One thing the aroma doesn’t do is adequately signal the generosity of the palate. It’s here the wine comes alive with gushy flavour, helped along by a mouthfeel that in less kind moments I might describe as “pumped up” but which here I shall call “slippery” and “voluptuous.” Funny how a single element can come across well or badly depending on its context. Though there’s enough acid to keep a mound of peaches and cream in line, there’s nothing especially racy or fine about the way this moves through the palate. No, this is designed for immediate gratification and proves a wine that’s ready to drink young doesn’t need to insult one’s intelligence.

Delicious and worthy.

Domaine Rapet Père et Fils
Price: $A30
Closure: Cork
Source: Retail

Domaine Dublère Savigny-les-Beaune 1er Cru Les Peuillets 2007

Interesting wine, this one. Compared to the Alain Chavy and Giaconda Chardonnays I had the other day, this is a much funkier, more discordant wine. So that’s three out of three; three Chardonnays with strikingly different fruit flavour profiles, leading to three completely different wines. This is as it should be; what becomes interesting now is how (or indeed whether) one pegs the wines at different levels of quality.

Certainly, this lacks a little in the conventional quality stakes; it’s moderately intense, there’s probably a bit too much sulfur to consider its presence a stylistic conceit, its flavours tumble over each other and collide inelegantly. And yet it’s quite magnetic in its chaotic fashion, and with each sip I become more interested in what it will tell me, in how it will disintegrate and recombine, and whether or not I’ll love it or feel repelled.

The aroma combines lean oak spice with sulfur, vanilla, clumsy bubblegum notes and an amalgam of citrus and bruised yellow peach. It’s hot and mealy and heady in turn, and although I can’t honestly describe it as pretty or luxurious — it’s not that sort of wine — its effect on me is consistent: I just keep wanting to smell it over and over again.

The palate shows a more straightforward character with juicy peach fruit taking centre stage. It’s a bit hot, perhaps, and the level of spicy oak may challenge some drinkers’ feel for ideal balance. As with the nose, however, there’s a magnetism to its character that cuts through what is a relatively dissonant flavour profile and, on some level, brings an odd coherence to the style. The middle palate comes closest to the sense of luxe that many Chardonnay drinkers will value, but it’s fleeting and almost ironic in its transition to a much more sculpted, slightly bitter after palate and finish. A lovely mealy texture is surely a highlight.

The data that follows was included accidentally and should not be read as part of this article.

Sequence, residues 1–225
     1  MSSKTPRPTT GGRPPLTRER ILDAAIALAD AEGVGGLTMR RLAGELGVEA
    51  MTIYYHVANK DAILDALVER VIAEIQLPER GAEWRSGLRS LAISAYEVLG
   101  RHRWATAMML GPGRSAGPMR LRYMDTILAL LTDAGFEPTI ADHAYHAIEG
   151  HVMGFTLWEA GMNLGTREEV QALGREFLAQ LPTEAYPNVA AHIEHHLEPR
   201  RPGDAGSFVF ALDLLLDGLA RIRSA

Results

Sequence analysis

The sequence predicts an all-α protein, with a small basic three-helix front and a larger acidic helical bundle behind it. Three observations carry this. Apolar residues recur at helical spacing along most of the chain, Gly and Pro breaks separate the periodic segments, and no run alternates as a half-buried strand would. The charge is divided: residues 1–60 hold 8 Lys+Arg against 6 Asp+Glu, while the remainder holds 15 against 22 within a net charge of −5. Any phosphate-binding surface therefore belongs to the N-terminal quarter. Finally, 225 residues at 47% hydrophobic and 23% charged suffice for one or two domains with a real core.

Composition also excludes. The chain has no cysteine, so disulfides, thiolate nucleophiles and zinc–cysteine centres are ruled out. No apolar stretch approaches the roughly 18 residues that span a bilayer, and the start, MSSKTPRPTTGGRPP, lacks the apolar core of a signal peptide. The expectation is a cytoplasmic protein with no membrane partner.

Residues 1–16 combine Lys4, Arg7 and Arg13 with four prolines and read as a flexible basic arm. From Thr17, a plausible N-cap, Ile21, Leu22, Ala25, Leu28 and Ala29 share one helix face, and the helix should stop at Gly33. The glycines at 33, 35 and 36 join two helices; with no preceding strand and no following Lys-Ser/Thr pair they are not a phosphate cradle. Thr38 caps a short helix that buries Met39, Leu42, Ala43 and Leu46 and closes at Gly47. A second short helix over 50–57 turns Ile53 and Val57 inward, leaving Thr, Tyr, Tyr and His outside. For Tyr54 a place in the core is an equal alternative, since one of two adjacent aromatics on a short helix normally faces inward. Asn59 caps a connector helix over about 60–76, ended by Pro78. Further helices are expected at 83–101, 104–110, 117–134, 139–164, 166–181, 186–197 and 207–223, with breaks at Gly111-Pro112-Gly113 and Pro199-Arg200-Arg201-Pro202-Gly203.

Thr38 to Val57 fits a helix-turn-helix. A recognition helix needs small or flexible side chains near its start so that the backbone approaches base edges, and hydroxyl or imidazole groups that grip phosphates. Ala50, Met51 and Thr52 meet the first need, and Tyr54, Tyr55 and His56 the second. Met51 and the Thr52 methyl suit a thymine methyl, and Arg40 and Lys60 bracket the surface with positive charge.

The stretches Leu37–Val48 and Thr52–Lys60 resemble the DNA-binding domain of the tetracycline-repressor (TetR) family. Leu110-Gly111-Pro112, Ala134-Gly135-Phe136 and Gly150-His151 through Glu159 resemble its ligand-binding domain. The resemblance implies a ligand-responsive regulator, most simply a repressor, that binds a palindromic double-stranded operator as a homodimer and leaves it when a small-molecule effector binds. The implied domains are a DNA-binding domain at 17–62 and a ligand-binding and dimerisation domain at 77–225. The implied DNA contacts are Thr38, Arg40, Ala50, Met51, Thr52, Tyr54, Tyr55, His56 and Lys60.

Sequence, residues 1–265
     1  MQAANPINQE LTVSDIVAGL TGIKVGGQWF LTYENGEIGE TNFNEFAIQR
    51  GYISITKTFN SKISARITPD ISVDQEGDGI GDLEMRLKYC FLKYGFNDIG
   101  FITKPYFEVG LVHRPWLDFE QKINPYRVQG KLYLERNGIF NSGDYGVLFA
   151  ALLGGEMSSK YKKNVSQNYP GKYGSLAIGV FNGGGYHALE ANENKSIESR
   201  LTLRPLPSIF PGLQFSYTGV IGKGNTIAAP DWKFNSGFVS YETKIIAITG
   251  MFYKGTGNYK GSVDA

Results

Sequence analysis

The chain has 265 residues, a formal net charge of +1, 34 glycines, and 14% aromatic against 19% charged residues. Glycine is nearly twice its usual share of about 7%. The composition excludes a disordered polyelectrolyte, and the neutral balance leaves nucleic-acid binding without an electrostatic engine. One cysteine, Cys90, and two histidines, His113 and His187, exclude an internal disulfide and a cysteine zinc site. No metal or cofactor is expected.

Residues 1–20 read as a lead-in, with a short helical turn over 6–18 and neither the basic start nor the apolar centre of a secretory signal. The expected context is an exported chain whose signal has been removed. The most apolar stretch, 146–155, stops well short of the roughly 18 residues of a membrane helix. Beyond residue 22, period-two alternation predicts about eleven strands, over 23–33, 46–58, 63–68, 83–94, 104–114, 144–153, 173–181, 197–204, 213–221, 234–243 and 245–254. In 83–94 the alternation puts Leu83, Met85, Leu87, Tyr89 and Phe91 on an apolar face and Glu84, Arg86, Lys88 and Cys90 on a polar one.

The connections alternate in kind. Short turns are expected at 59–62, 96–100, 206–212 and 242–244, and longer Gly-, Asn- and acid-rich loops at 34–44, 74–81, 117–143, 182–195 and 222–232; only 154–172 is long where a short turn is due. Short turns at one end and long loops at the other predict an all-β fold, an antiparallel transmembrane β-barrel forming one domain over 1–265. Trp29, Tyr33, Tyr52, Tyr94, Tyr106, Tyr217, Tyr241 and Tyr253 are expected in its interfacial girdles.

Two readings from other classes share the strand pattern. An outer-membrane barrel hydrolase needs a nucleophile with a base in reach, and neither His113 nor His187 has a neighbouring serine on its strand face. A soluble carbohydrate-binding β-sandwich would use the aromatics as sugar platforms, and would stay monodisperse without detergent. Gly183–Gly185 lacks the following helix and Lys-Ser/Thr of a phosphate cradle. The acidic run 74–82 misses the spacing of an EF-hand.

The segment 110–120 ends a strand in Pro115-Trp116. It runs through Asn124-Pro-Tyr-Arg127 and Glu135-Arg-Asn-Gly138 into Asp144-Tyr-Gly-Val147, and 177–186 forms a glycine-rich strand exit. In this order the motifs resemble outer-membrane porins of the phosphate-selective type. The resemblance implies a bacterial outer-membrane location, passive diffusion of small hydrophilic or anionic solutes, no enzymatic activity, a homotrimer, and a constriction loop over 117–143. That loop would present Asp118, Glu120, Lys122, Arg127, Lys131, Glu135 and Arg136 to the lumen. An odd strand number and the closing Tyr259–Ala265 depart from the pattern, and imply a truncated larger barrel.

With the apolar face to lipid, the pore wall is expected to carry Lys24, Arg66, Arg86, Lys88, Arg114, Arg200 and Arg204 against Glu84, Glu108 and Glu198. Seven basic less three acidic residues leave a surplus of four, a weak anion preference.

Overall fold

Domaine Dublère
Price: $A40
Closure: Stelvin
Source: Retail

Domaine Alain Chavy Puligny-Montrachet 1er Cru Les Pucelles 2007

It’s new year’s eve and I’m cracking open the good stuff.

A striking mix of lean minerality, powerful citrus fruit and well-controlled winemaker input. The nose is reticent for now, allowing mere wisps of prickly slate, freshly cut pear, grapefruit rind and green nuts to escape its grasp. If drinking now, best not to serve it too cold; allow it to warm and release as much aroma as it is willing. I sense a slow strip tease, one that may unfold over several years and whose narrative will only resolve at some uncertain point in the future, if ever.

The palate confirms what the nose only hints at: this is a wine of confident power and effortless complexity. What’s immediately obvious is the sustained thrust of the fruit; it really explodes on entry and carries right through the finish. This is, however, a wine made in a restrained mould, so one doesn’t get slutty gobs of peachy fruit. Instead, there’s a crisp steel mineral line that underlines the whole, challenged and softened by citrus and white peach fruit that seems to float above the more angular flavour components, not exactly integrated but rather acting as counterpoint. This wine isn’t about harmony, but nor is it about noisy contrasts. It sits somewhere in between, each side of its character pulling and pushing the other, creating tensions right along the line and never letting go their grip of the drinker. In objective quality terms this wine has the stuff: intensity, structure, line. But it’s the aesthetics on show that fascinate me and that elevate this wine above others of a similar level of technical accomplishment.

A beautiful, challenging wine.

Domaine Alain Chavy
Price: $A78.50
Closure: Cork
Source: Retail

Domaine du Clos Salomon Montagny le Clou 2007

I tasted the 2006 edition of this wine, and on balance feel the 2007 vintage is more achieved. It retains the essentially funky character of the fruit while rounding out the style to a more generous level. Still an off-centre aroma profile, with prickles of sulfur introducing fleshy yellow peach, roasted cashews and Thai basil. It has really blossomed after a couple of hours in the glass, so don’t serve this too cold, and be prepared to give it time. It ends up in a gentle place; this is never going to knock your socks off with power, but it glows with nuance and character.

Some oxidative character not evident on the nose asserts itself in the mouth, quite pleasantly so. There’s an essential discordance to the flavour profile that I am enjoying, though I suspect it may turn some drinkers off. If, however, you can get past the idea that wines ought to be neat and tidy aesthetic experiences, you may value the clash of peach, grapefruit, bitter herbs and creamy nuts that tumble over each other as this wine rushes past the middle palate. The after palate and finish are more focused, concentrating on yellow grapefruit flavours and very fine, firm acid. Intensity does not rise above a moderate level, and there’s a nice irony, I think, to the quiet way in which this wine seeks to argue with itself.

A really interesting, smart wine for lovers of the offbeat.

Clos Salomon
Price: $A30
Closure: Cork
Source: Retail